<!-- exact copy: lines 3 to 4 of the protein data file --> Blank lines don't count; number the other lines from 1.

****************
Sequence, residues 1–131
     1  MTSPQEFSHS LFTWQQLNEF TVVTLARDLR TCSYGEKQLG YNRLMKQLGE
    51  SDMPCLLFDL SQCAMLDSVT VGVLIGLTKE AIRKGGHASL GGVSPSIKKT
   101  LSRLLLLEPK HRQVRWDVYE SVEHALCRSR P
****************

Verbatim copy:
    51  SDMPCLLFDL SQCAMLDSVT VGVLIGLTKE AIRKGGHASL GGVSPSIKKT
   101  LSRLLLLEPK HRQVRWDVYE SVEHALCRSR P